卓越實證概述 Best Evidence in Brief
What makes for an effective student reward?

A National Bureau of Economic Research working paper explores the short-term effects of incentives on student effort and performance, varying the size and type of the rewards as well as how they are presented. As part of the study, field experiments were conducted across multiple years in over 7,000 elementary and high schools. Findings were as follows:

  • Incentives framed as losses (i.e., a reward that is given before an assessment begins that the student can keep if they meet the goal, or will have to give back if they don’t) have more robust effects than comparable incentives framed as gains (i.e., receiving a reward only after the goal is met).
  • Non-financial incentives (e.g., a trophy) are considerably more cost-effective than financial incentives for younger students, but are not effective with older students.

All motivating power of the incentives vanishes when rewards are handed out with a delay rather than immediately. For this study, the delay was one month.

 

Source (Open Access): Levitt, S.D., List, J.A., Neckermann, S., & Sadoff, S. (2012). The behavioralist goes to school: Leveraging behavioral economics to improve educational performance (NBER Working Paper: 18165). Cambridge, UK: National Bureau of Economic Research. Retrieved from: https://www.nber.org/papers/w18165.pdfRead the rest

Stories about struggling scientists improved science grades?

A study published in the Journal of Educational Psychology looks at the impact of “struggle stories” on success in science.

Students who think that success in science is only possible with exceptional talent may become demotivated and, for example, turn away from the idea of studying science in college. In this study, 402 students in ninth and tenth grades in New York City schools read one of three kinds of story about an eminent scientist who:

  1. Struggled intellectually (e.g., made mistakes and overcame them through effort);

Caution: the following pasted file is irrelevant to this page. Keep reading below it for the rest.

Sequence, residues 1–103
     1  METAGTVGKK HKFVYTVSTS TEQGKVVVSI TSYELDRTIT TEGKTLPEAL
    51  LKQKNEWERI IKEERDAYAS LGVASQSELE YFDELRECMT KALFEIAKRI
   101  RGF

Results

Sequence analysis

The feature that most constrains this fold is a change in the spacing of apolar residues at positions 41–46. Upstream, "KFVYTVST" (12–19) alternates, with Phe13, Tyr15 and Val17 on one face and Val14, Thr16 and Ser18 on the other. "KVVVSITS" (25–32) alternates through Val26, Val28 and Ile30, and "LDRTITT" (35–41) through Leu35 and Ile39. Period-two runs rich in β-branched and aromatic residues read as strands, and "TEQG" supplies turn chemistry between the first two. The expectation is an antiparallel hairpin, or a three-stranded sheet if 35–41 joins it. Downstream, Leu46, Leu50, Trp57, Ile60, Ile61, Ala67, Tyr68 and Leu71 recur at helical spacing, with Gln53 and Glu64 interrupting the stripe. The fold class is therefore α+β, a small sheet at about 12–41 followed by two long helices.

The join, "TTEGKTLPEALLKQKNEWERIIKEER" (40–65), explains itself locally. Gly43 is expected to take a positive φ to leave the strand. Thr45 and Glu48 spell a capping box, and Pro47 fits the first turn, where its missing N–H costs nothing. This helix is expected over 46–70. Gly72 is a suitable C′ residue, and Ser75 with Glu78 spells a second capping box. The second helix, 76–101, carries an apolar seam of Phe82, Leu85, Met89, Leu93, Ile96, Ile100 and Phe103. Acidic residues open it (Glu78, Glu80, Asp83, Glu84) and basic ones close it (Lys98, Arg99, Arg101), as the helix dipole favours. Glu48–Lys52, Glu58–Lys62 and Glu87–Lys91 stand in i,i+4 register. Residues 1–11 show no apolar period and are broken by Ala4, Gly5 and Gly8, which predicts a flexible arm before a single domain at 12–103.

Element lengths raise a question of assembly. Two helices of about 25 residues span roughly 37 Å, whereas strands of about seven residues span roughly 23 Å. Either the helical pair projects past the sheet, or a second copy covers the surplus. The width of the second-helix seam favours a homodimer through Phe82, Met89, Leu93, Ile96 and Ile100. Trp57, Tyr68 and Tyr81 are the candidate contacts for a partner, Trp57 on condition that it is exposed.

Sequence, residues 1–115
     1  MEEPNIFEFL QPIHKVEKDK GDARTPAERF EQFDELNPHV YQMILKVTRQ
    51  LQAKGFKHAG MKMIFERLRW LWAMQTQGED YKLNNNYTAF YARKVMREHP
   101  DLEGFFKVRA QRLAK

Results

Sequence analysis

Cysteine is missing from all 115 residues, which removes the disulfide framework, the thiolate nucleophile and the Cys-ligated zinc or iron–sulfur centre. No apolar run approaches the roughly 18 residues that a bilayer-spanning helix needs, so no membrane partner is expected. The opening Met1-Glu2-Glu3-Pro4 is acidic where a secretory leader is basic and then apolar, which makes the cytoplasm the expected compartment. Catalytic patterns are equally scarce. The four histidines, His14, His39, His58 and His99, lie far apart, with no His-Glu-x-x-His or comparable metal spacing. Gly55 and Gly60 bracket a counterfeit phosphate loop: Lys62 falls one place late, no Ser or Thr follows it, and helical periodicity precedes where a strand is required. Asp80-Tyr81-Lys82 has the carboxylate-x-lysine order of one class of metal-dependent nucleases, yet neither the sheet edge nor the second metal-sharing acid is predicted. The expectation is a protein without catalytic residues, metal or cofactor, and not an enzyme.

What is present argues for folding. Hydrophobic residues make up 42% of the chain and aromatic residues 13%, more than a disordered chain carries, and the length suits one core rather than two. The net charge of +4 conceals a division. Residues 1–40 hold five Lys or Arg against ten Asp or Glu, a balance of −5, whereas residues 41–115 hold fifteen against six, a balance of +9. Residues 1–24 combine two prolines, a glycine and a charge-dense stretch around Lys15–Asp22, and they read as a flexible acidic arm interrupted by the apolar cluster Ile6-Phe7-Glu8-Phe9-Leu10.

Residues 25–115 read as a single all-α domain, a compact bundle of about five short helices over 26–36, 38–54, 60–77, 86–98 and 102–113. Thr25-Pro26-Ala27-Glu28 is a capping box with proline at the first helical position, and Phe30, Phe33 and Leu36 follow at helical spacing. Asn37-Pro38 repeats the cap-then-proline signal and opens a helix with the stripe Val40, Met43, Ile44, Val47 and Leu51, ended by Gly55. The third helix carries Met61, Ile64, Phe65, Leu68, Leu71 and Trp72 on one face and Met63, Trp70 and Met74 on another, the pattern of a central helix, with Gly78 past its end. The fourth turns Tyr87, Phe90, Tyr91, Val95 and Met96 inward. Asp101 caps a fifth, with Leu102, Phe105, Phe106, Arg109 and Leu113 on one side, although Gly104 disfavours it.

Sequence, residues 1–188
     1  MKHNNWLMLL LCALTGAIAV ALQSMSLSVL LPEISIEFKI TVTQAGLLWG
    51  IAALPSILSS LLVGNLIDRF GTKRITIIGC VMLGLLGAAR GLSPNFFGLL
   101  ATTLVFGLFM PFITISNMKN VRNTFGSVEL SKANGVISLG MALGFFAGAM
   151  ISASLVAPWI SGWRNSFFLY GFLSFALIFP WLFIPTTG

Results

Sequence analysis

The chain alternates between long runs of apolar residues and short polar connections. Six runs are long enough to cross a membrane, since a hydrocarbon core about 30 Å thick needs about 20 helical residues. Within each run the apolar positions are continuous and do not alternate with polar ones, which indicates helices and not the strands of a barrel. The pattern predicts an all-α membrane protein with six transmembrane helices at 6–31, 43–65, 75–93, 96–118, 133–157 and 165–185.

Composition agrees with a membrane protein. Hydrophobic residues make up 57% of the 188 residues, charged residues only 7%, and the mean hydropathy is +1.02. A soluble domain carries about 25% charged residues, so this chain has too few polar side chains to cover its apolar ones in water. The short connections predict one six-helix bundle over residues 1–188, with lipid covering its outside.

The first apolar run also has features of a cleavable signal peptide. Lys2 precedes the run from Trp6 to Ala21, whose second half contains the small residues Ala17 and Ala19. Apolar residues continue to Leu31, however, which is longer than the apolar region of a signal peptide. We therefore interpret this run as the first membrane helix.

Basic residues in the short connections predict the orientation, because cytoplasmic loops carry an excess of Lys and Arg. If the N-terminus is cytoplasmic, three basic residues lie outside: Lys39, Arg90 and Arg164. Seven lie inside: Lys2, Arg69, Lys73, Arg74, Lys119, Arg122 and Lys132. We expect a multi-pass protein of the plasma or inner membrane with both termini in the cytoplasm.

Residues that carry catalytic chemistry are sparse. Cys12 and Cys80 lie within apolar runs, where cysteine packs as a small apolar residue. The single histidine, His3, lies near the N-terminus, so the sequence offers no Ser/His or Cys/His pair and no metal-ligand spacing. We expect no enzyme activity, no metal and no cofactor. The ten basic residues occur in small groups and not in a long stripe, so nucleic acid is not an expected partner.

2. Struggled personally (e.g., was poor or lacked parental support, but overcame it); or
  3. Made great discoveries (a control condition, without struggle).

The intervention lasted five weeks. Student achievement was measured using grades from the six-week sessions before and after the intervention, and motivation was measured using a pre- and post-test. The study found that:

  • Students in both of the “struggle story” conditions had higher grades than the control condition, though the difference was not significant.
  • There was no measurable difference on the motivation of the groups, but analysis of interviews showed that the students felt more connected to the scientists.

 

Source (Open Access): Lin-Siegler, X., Ahn, J. N., Chen, J., Fang, F.-F. A., & Luna-Lucero, M. (2016). Even Einstein struggled: Effects of learning about great scientists’ struggles on high school students’ motivation to learn science. Journal of Educational Psychology, 108(3), 314–328. https://doi.org/10.1037/edu0000092Read the rest

The relation between student motivation and reading performance

The latest issue of Review of Educational Research presents a meta-analysis on the relationship between reading achievement and motivation. The review examined whether ability to decode and understand text, goal orientation, students’ at-risk status, or grade level moderated the relationship, as well as whether motivation and reading are related over time.

Jessica Toste and colleagues at the University of Texas at Austin and the University of Iowa included 132 peer-reviewed articles with 1,154 effect sizes. Most of the studies took place in the United States (41%). Other studies were from Canada or Europe. Results suggested that:

  • The relation between motivation and reading achievement is moderate (ES = +0.22).
  • For specific reading domains, average correlations with motivation were moderate as well: ES = +0.19 for the ability to read in an accurate and fluent way, ES = +0.21 for the ability to understand and learn from reading text, and ES= +0.23 for general reading.